What is your creative work?
creative director, visual artist
Tell us how you started your business / creative venture?
In 2017, I became co-owner and creative director of the family-owned business, Sip Museum. My team repurposed my grandfather’s building to a creative mind space environment that houses a teahouse, gallery, and studio. The brick and mortar are located in the Adamsville neighborhood. The goal was to create a platform that promotes creative expression, a holistic lifestyle, and community morale. As creative director, I collaborate with other brands and creatives in order to curate events, exhibitions, installations, workshops, and classes for the neighborhood and surrounding patrons. During my journey of creating the Sip Museum, I realized graphic design was never my passion. I changed my focus to creating more fine art, set design, and installation art. I enjoyed tapping into my emotions and experiences, then transforming them into a tangible entity.
How long have you been doing your creative work?
I’ve been a fine artist for 2 years and a creative director for 3 years.
What made you choose this journey?
I wanted to create generational wealth by building Sip Museum. I wanted to wake up every day and be appreciative of living my divine purpose. I was put on this earth to be my authentic self without the constraints of what society feels I should be. I am able to walk in my purpose creating art, inspiring others, and providing a platform for others to be their true self.
What kind of struggles did you face in your journey?
Art as a business is unconventional because society portrays the 9 to 5 corporate lifestyle so heavily in order to succeed. So because this path is chosen by few there are a lot of struggles. The biggest struggle is figuring out how to unlearn this societal mindset and tap into how to create income from creative services. I worked so many corporate jobs and was miserable because I didn’t get to express myself creatively. Being creative is apart of my authentic self. These jobs would exhaust me physically, mentally, and spiritually. So I always felt I wasn’t putting enough energy into my creative gifts. It’s hard to balance trying to be financially stable. Another struggle was starting up a business within the holistic and creative lifestyle. I have to wear multiple hats in order to create a successful business until my business obtains the resources to outsource many of the tasks I must do.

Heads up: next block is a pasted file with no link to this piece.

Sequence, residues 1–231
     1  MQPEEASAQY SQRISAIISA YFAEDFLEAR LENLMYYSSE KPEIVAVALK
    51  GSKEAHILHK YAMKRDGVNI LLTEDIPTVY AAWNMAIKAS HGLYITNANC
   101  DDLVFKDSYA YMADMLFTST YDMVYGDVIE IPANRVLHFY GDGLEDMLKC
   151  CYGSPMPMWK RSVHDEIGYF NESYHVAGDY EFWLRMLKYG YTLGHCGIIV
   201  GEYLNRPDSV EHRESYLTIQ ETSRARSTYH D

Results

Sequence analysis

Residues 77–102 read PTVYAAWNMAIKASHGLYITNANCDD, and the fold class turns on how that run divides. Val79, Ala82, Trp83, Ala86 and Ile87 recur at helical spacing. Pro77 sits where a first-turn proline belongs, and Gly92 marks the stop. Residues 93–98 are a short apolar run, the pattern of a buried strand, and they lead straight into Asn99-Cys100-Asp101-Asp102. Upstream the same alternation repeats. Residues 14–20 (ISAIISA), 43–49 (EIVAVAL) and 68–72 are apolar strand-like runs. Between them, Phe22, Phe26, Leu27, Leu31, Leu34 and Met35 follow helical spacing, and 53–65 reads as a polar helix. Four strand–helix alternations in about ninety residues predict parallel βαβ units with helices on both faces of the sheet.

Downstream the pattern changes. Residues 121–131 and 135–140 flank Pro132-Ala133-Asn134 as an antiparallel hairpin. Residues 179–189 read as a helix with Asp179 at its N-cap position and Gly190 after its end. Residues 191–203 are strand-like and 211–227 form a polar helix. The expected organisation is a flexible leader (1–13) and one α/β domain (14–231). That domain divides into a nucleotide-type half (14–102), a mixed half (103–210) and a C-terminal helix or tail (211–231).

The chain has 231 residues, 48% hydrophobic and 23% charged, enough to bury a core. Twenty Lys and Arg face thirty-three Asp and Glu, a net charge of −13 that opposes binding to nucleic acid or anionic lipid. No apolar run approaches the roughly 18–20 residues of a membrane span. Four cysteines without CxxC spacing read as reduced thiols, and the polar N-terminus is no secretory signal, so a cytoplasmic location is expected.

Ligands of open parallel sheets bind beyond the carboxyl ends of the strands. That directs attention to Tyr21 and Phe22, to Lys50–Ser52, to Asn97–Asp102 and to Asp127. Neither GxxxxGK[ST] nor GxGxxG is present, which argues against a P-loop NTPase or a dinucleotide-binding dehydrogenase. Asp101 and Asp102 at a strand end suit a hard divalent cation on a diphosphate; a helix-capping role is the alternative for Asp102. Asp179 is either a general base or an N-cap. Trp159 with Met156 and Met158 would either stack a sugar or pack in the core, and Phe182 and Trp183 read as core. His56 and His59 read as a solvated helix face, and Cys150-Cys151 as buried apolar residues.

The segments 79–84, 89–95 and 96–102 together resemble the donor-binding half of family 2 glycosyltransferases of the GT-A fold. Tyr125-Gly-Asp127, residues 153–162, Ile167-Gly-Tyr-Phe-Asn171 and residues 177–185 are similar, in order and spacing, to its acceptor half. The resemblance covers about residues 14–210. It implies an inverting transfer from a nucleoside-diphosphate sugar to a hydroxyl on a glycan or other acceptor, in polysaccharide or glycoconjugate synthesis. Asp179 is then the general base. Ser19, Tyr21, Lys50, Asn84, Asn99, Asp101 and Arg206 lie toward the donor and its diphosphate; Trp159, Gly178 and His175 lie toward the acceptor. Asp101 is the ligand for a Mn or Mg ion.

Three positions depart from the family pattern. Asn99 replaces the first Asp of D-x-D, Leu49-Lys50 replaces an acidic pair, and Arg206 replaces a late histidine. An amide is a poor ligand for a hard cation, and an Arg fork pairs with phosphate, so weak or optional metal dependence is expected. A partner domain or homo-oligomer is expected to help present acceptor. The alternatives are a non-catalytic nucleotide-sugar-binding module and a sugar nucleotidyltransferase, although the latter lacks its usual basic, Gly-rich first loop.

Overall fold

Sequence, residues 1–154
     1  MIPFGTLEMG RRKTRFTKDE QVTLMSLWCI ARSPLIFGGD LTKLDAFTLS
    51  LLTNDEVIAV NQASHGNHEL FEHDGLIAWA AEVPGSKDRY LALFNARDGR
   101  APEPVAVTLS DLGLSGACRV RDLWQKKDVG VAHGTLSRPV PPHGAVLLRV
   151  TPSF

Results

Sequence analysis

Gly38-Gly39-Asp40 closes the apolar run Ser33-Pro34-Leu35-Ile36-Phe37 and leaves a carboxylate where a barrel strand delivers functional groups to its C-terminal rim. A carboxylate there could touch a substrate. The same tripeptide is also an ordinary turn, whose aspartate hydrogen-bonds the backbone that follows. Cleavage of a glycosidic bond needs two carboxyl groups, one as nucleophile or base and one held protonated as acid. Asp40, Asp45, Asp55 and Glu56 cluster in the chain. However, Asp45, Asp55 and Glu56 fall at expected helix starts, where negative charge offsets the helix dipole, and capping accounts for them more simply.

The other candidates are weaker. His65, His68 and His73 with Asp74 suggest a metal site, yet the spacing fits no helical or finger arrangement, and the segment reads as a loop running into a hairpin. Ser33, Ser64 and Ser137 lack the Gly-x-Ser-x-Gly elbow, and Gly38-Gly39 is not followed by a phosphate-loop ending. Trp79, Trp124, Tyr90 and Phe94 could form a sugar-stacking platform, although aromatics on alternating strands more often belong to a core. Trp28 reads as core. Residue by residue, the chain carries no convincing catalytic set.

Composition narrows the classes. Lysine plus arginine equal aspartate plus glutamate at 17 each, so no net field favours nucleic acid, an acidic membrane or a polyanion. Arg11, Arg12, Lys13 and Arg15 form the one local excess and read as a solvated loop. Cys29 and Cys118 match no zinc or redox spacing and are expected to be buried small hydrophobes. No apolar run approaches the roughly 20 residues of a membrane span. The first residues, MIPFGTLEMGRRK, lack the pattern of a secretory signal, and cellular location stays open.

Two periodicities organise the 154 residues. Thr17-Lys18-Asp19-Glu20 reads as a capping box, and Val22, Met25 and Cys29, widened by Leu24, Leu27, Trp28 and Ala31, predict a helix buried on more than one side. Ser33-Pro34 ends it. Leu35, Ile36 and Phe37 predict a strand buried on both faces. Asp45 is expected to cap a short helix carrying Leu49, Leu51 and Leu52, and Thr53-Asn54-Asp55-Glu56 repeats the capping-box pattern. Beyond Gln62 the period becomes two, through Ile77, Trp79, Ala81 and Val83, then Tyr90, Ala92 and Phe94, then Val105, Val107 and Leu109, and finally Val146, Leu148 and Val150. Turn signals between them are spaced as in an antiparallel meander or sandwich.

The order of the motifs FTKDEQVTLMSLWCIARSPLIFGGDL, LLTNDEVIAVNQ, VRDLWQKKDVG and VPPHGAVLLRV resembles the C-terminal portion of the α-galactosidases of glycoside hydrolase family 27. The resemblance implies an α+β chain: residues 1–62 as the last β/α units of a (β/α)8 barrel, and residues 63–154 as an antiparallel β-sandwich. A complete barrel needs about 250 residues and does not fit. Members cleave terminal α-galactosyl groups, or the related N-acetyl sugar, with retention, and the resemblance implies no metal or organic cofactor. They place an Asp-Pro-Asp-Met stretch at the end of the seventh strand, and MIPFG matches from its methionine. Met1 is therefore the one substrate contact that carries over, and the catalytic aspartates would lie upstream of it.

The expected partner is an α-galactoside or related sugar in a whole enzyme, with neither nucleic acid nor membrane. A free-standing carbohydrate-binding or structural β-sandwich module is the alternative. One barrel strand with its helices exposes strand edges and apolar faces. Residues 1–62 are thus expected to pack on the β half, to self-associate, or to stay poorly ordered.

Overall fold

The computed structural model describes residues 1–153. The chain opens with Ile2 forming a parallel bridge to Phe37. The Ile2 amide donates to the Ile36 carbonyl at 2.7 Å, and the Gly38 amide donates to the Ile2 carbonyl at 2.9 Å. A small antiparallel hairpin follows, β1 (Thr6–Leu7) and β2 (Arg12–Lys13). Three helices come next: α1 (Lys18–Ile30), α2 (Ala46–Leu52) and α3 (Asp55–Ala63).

What is one advice you can give to creatives struggling right now?
All the answers you are looking for are inside you. If you shutout all the outside noise, your inner self will prompt your next move. Spend more time with yourself to understand what makes you, you, and live it!
Share a quote you live by. It can be yours or something else that inspires you!
“My soul speaks to me during creation.” -K Medulla
Are there any products you recommend that helped you better your craft?
I recommend using Adobe Creative Cloud programs such as Premiere Pro, Photoshop, Illustrator, and InDesign for building content.
How can people learn more about you and your business?
What are some resources that have helped you succeed?
I recommend Squarespace for artists to build their website on. It has so many third party brands for e-commerce, marketing, and content creation. It provides you a lot of tutorials on how to build a successful website. I also recommend a DSLR camera and tripod to be able to create content to market yourself. You have to constantly put your brand out their in multiple forms in order to have a successful art business.
CMATL is an interview series where our team collects submissions and find Atlanta’s hidden gems of creators and creative entrepreneurs. This project powered by The Creative Folks.